On May 9, 2012, President Barack Obama finally endorsed marriage equality. After taking years to “evolve” on the issue, the president told ABC’s Robin Roberts, “I’ve always been adamant that gay and lesbian Americans should be treated fairly and equally…Over the course of several years, as I’ve talked to friends and family and neighbors, at a certain point, I’ve just concluded that, for me personally, it is important for me to go ahead and affirm that I think same-sex couples should be able to get married.”
That policy shift set off a wave of consternation among black political commentators and clergy that the president’s support of marriage equality would be seriously detrimental to his standing in the black community.
The conventional wisdom is that churchgoing African-Americans are opposed to marriage equality and so even though they are mostly supporters of Obama, either they would stay home on election day or not support the president based on this singular issue.
The conventional wisdom turned out to be wrong. Tuesday night, in Maryland and in Maine marriage equality was approved by popular vote. And in Minnesota, voters rejected a marriage equality ban.
This is the first time that marriage equality supporters have succeeded in ballot initiatives. Previously, marriage equality ballot initiatives had a 0-32 record.
In Maryland in particular there is evidence that the black support for President Obama was not diminished by his stance on marriage equality and many African-American supporters of the president also voted in favor of marriage rights for gay couples. The ballot measure came after Maryland’s state legislature passed a bill earlier this year, which marriage equality opponents then petitioned against, which then forced the issue to be put on the November ballot.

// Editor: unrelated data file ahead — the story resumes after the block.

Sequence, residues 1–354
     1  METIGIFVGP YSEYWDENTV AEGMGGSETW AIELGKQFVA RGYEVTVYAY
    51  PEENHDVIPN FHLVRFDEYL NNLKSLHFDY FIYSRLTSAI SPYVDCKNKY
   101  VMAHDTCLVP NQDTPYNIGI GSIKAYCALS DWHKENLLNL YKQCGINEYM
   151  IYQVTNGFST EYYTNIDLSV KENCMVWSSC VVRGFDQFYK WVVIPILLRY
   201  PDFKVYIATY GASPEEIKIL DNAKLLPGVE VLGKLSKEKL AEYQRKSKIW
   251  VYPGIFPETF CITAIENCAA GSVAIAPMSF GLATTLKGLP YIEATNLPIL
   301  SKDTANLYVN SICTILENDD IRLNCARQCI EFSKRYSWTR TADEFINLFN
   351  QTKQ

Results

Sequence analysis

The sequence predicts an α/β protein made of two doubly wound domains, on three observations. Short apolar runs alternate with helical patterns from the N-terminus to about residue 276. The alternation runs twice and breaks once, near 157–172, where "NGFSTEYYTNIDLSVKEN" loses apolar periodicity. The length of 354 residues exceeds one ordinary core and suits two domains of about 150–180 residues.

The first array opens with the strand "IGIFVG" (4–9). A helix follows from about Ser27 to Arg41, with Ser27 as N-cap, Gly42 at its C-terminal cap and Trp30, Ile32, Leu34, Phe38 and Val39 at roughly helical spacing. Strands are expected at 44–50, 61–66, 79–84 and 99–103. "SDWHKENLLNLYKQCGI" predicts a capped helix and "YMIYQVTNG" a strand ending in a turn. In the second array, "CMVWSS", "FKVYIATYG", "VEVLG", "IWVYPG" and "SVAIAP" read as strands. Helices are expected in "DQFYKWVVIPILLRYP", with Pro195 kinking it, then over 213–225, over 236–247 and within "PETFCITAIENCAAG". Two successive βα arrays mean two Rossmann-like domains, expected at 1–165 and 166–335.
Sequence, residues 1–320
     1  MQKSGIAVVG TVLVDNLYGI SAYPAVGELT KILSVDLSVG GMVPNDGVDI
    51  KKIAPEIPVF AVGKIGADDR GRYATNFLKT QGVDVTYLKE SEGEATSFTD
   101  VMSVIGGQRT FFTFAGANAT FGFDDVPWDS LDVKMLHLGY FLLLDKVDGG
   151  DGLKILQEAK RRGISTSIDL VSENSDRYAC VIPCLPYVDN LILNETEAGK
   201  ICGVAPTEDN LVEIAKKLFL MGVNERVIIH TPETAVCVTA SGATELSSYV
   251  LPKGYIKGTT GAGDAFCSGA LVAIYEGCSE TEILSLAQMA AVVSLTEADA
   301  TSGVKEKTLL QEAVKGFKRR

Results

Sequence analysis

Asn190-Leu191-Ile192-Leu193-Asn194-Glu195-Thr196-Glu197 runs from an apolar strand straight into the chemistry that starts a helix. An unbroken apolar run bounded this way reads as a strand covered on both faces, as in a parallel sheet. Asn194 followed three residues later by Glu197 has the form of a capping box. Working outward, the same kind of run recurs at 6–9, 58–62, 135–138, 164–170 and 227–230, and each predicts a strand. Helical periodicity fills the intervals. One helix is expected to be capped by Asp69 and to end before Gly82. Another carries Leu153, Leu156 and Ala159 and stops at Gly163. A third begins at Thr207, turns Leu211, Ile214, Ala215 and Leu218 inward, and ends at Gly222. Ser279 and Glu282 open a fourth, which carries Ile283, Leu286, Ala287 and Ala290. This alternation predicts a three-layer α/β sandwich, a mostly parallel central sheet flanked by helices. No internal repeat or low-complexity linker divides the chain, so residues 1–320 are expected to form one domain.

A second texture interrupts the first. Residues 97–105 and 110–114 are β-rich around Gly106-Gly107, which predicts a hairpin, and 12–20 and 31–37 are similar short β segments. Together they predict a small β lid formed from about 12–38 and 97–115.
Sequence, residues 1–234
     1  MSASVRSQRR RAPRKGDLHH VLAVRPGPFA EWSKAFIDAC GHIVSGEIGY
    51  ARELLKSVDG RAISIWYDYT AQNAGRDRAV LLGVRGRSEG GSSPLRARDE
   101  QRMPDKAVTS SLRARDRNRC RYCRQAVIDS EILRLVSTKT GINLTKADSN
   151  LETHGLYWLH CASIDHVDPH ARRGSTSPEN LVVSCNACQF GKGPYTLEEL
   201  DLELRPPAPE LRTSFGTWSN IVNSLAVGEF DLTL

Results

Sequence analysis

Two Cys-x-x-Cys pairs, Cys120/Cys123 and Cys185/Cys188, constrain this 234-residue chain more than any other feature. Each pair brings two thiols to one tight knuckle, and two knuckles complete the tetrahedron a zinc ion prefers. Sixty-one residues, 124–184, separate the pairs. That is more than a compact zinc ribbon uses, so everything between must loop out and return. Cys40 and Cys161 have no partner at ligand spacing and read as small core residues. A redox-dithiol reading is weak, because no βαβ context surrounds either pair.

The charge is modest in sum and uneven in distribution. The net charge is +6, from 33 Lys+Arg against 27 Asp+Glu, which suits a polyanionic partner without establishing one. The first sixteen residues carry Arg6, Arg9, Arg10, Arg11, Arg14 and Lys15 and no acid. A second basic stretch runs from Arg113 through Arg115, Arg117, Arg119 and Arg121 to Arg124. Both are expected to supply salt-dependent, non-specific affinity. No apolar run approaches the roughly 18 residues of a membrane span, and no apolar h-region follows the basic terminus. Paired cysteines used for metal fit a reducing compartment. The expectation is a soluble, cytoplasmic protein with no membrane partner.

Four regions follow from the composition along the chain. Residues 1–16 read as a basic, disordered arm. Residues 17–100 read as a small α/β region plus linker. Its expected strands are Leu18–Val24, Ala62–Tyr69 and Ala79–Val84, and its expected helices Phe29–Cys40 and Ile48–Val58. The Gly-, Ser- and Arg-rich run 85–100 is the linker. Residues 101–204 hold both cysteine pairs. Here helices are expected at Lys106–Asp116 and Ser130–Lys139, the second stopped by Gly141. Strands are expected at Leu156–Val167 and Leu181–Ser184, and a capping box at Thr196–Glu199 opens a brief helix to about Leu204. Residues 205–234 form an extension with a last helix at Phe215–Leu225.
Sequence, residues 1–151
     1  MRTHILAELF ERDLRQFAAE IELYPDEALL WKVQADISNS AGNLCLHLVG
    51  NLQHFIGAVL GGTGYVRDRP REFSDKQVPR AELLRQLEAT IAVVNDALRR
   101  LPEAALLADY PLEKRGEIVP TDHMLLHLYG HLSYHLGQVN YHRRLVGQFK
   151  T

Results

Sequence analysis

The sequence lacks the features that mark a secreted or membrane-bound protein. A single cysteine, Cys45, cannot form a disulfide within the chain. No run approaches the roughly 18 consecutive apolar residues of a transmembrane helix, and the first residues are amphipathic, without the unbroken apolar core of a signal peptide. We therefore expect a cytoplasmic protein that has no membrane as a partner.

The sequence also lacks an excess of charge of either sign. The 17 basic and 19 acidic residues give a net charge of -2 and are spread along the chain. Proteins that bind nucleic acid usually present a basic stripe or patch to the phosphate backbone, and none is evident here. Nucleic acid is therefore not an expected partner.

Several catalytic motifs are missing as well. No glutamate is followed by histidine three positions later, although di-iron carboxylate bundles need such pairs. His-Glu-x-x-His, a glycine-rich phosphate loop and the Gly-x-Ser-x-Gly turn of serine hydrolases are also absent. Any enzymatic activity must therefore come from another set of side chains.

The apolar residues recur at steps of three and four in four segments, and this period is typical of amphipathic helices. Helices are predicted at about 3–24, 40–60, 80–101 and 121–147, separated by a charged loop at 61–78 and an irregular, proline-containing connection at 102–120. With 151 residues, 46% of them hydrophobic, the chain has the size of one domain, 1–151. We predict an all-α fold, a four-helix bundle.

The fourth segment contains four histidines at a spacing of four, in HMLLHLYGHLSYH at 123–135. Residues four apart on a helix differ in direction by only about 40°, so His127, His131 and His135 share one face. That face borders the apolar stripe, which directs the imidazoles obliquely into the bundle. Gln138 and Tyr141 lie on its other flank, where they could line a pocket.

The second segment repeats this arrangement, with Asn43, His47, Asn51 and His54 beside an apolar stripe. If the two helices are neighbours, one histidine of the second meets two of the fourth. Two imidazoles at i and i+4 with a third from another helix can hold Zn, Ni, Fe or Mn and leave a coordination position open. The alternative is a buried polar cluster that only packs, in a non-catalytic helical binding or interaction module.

Exit polling shows that while not all Obama supporters also voted in favor of the marriage equality measure, about half did. The pressure from African-American churches in the state to oppose the measure doesn’t seem to have hindered black turnout in Maryland either.
Warnings back in May about lower turnout based on this singular issue seem to have been inaccurate; in the end, black turnout was up, and 9 out of 10 black voters supported the president. Voters in Maryland who supported marriage equality also supported President Obama, and those who opposed the measure supported Mitt Romney, who lost the state by 25 percentage points.
The assumption that black voters are more opposed to marriage equality than other groups isn’t supported by polling and with 53 percent of all Americans in favor of marriage rights for everyone, a sea change has seemed to emerge which culminated Tuesday night.
With these wins on marriage equality initiatives, the first ever, there is a lot of positive thinking in the gay rights movement that there is a shift in public opinion on the issue and this evolution was helped by the president’s public support.
There is still progress to be made and there will likely always be socially conservative blacks who oppose marriage rights for gay couples on an ideological level. This is all while supporting the rest of the Democratic Party platform, but Tuesday’s victories are evidence that these personal beliefs may not necessarily translate into voting against ballot measures or against Democrats.
Follow Zerlina Maxwell at @ZerlinaMaxwell